Pontifications on Poison
Being some ramblings on events associated with poisonous plants.
Saturday 25th February 2012
I keep telling myself I’m going to give up. I keep convincing myself that the effort involved isn’t worth the reward and all the trouble that goes with it. But, I keep deciding ‘just one more year’.
Because I spent the first eight years of my married life in Zambia with a gardener to take care of everything horticultural, I didn’t get into the habit of working in the garden at weekends or during summer evenings. As a child, I had no interest in the garden once I was too big to be allowed to play ball in it so I was very happy leaving the gardening to someone else once married and with a home and garden not exactly of my own but for my wife and I to use.
Then, when we returned from Africa, we moved straight into a flat that, although on the ground floor, had no land with it and the common grounds were maintained by gardening contractors as part of our annual management fee. By the time we made our next move, I was very firmly a non-gardener so we intentionally looked with a minimum of outdoor space and, when we found it, getting someone in for a couple of hours a week was more than enough to keep it tidy without me having to participate.
But then we moved here. By that time, my wife’s mobility was on a steady downward slope so we wanted somewhere with some open views to compensate for her predicted, correctly as it transpired, inability to get out and about very much. We found the perfect house, backing onto a large field with views of distant hills in all three directions but it came with one drawback; quite a sizeable garden.
So, I had to start to take an interest in gardening but, knowing that I would be unlikely to become a fanatical gardener, we decided on lots of shrubs and perennials that wouldn’t need much maintenance and we certainly said ‘no annuals’. I just couldn’t see the point of doing lots of work to get a few flowers to bloom for a few weeks and then have to dig them up ready to start again the following year.
And that resolution lasted until I became interested in poisonous plants. Because, of course, many of the best of the poisonous plants that will grow in a Scottish Borders’ garden are annuals.
Initially, I told myself that I would grow some of these annuals for one year in order to get some photos of them to incorporate in my talks. And that was fine, and I got some reasonable still pictures of the plants concerned. But then I bought a video camera and decided using video in my PowerPoint presentations would give them a bit more life so I had to grow another year’s worth.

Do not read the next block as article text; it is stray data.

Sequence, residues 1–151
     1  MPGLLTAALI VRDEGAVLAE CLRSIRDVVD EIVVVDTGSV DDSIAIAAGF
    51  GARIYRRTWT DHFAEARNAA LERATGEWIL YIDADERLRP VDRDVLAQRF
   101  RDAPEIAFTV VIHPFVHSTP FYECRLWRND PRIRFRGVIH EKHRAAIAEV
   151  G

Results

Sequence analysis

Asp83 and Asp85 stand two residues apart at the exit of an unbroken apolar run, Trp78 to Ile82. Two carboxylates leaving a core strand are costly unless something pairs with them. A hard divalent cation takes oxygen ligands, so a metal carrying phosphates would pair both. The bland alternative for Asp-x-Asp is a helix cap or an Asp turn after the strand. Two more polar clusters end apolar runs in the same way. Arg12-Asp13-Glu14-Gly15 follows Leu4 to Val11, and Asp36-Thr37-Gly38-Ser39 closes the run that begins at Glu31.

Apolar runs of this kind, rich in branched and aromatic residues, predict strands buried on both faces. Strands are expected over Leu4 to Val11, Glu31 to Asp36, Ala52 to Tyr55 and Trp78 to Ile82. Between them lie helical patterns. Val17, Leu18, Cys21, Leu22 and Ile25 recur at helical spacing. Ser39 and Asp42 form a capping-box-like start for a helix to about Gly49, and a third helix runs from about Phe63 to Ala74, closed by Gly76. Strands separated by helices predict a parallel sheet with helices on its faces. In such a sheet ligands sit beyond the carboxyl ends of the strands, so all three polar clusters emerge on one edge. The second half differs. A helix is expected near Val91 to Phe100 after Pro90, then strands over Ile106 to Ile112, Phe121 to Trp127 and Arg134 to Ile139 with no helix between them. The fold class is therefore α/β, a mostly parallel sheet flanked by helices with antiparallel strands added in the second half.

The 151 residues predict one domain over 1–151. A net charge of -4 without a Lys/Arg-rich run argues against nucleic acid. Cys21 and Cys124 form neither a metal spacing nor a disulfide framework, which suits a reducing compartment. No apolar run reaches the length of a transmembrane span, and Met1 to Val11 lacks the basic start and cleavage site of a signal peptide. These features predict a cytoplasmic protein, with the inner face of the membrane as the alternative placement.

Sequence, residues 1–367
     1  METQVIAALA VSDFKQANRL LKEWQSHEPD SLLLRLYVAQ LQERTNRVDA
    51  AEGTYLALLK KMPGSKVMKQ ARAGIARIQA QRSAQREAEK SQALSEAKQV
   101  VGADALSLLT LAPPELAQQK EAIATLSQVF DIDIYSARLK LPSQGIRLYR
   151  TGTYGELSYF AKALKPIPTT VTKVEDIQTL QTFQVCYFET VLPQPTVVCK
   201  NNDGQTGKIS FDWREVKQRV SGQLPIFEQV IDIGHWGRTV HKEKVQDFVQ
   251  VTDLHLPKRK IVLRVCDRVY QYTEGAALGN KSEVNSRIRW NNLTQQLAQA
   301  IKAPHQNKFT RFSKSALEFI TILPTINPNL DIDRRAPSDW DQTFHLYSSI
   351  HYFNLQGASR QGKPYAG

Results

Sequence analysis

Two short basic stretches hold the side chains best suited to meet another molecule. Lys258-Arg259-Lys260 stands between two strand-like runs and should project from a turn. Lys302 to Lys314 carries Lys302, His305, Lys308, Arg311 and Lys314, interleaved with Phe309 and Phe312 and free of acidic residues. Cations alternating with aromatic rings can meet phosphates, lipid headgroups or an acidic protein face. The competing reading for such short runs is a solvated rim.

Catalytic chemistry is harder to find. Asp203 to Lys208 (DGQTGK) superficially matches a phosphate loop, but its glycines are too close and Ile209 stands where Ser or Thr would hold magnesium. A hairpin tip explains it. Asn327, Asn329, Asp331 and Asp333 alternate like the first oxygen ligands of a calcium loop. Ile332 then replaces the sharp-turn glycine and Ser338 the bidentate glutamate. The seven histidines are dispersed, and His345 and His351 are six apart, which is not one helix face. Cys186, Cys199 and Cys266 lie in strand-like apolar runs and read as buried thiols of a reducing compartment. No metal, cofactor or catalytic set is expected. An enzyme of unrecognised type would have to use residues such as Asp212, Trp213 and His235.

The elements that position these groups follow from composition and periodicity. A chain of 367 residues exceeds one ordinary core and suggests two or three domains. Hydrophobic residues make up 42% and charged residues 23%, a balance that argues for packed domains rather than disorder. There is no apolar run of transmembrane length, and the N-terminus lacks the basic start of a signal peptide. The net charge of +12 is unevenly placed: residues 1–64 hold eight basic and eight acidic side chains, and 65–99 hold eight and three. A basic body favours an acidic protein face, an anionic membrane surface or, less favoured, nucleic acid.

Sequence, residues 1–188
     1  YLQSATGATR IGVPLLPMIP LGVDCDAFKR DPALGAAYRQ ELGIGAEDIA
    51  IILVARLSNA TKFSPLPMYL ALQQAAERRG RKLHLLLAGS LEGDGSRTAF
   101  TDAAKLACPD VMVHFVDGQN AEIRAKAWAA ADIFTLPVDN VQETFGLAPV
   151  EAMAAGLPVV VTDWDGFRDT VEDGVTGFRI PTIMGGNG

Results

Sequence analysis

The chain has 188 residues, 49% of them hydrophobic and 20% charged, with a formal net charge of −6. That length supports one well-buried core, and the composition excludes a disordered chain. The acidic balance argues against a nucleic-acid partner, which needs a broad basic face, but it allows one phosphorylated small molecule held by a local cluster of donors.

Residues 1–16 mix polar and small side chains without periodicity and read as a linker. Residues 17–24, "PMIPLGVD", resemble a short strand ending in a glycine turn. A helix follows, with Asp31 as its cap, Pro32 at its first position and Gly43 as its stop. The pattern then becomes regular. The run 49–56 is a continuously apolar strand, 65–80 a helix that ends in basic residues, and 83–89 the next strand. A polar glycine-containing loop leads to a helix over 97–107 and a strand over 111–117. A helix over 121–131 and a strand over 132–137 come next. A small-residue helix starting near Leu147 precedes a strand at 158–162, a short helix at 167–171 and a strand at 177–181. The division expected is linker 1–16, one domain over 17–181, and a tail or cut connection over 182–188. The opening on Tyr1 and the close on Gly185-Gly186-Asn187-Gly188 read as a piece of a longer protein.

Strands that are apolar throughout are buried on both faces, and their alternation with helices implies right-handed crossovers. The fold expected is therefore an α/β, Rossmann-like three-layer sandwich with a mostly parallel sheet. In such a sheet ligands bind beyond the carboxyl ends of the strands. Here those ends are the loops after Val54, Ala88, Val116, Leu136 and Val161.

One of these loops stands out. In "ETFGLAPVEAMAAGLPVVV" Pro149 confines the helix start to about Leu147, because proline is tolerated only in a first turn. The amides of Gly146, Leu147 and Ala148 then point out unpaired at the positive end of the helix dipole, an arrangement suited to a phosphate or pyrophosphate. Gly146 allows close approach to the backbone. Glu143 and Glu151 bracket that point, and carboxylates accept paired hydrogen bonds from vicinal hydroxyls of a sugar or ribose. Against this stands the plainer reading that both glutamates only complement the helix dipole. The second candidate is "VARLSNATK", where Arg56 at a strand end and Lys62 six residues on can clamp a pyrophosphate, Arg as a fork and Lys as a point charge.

Then I bought a better still camera and, later still, a high definition video camera. So, every year, I persevered and found myself buying seeds and trying to get enough of them to survive to have a few plants in the garden through the summer.
I told myself I wouldn’t bother this year. I’ve got good video of all the plants I’m interested in except for the Hyoscyamus niger, black henbane, because that failed completely last time. But, yesterday, my resolve failed and I thought I’d have another go to see if I could get better shots.
So, courtesy of the speed with which the ‘buy with one click’ button on Amazon turns impulse into action, I’m now waiting for seeds, not just of the henbane but also Ricinus communis, castor oil plant, and Nicotiana sylvestris, woodland tobacco. I’m assuming that the Papaver somniferum, opium poppy, will come up of its own accord, as it has for the past few years.
I’ll be doing well if I resist the urge to have one more go at growing Strychnos nux-vomica, poison nut tree. I know I’ve had a series of failures but I also did succeed once in getting seeds to germinate and, this time, I won’t make the mistake that killed off the young plants.